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Bowman v. Yolo County

August 1, 2008


The opinion of the court was delivered by: Garland E. Burrell, Jr. United States District Judge


Defendant Yolo County Housing Authority ("YCHA") moves to dismiss Plaintiffs' California Labor Code section 1102.5 ("section 1102.5") claim from Plaintiff's First Amended Complaint, arguing Plaintiffs have failed to exhaust applicable administrative remedies.

Plaintiffs, who were previously employed by Yolo County and YCHA, allege in their section 1102.5 claim that they were wrongfully terminated after they disclosed purported illegal activity at the YCHA. (First Am. Compl. ¶¶ 7-11.) Plaintiffs allege they were fired in retaliation for this disclosure in violation of Section 1102.5, which prohibits employers from "retaliat[ing] against an employee for disclosing information to a government or law enforcement agency, where the employee has reasonable cause to believe that the information discloses a violation of state or federal statute . . . ." Cal. Labor Code § 1102.5.*fn2

YCHA contends Plaintiffs' statutory section 1102.5 claim should be dismissed because "[a] litigant seeking damages under [section 1102.5] must exhaust administrative remedies before the Labor Commissioner prior to bringing suit." (Mot. at 4:3-4.) California Labor Code section 98.7 ("section 98.7") provides an administrative remedy before the Labor Commissioner which is available to employees who have been "discharged or otherwise discriminated against in violation of any law under the jurisdiction of the Labor Commissioner . . . ." Cal. Labor Code § 98.7(a).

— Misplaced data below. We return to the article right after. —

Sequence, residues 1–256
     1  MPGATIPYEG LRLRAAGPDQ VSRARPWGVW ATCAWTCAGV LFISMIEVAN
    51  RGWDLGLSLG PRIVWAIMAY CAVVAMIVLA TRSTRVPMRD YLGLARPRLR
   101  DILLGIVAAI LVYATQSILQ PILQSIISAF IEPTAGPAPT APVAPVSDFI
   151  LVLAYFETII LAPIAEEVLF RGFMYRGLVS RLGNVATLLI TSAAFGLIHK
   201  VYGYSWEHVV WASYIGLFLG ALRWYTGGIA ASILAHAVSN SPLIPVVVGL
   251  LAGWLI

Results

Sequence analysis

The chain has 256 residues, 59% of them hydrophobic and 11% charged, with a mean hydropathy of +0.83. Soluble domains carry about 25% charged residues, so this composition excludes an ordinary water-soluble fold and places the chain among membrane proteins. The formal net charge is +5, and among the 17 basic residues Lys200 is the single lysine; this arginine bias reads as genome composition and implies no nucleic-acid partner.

"[T]o bring a claim under section 1102.5 . . .

[P]laintiff[s] must exhaust [their] administrative remedies . . . ." Lund v. Leprino Foods Co., 2007 WL 1775474, at *4 (E.D. Cal. June 20, 2007) (citing Campbell v. Regents of Univ. of Cal., 35 Cal. 4th 311, 329, 333-36 (2005) and Neveu v. City of Fresno, 392 F. Supp. 2d 1159, 1180 (E.D. Cal. 2005)).

Plaintiffs argue in their opposition however that they "have exhausted their administrative remedies because there are none or should be excused from doing so because there are none." (Opp'n at 2:7.)

Plaintiffs argue that the reference to an administrative remedy in "Labor Code 98.7 permissively (not mandatorily) allows a plaintiff/employee to file an administrative claim with the Labor Commissioner using this scheme" because section 98.7(f) "specifically allows for direct access to the court in a civil suit without first exhausting administrative remedies." (Opp'n at 6:4-8.) Section 98.7(f) states, "The rights and remedies provided by this section do not preclude an employee from pursuing any other rights and remedies under any other law." Cal. Labor Code § 98.7(f). However, as the court ruled in Gutierrez v. Technologies, Inc. when addressing this argument: it appears that the language in section 98.7(f) to the effect that section 98.7 does not preclude employees from pursuing remedies under any other law merely restates the general California rule that plaintiffs are not precluded from bringing civil actions based on California statutes after they have exhausted available administrative remedies. Section 98.7(f) should not be read . . . to allow employees to immediately file civil suits based on the provisions of the Labor Code in lieu of first pursuing the provided administrative remedies when the substantive Labor Code provision at issue . . . does not explicitly authorize a direct civil suit as an alternative to the use of administrative procedures. 279 F. Supp. 2d 1223, 1227 (E.D. Cal. 2003). Plaintiffs also argue Smith v. Rae-Venter Law Group, 29 Cal. 4th 345, 350 (2002) and Murphy v. Kenneth Cole Productions, Inc., 40 Cal. 4th 1094, 1115 (2007) hold that exhaustion of the section 98.7 administrative remedy is optional. However, neither Smith nor Murphy involved section 1102.5.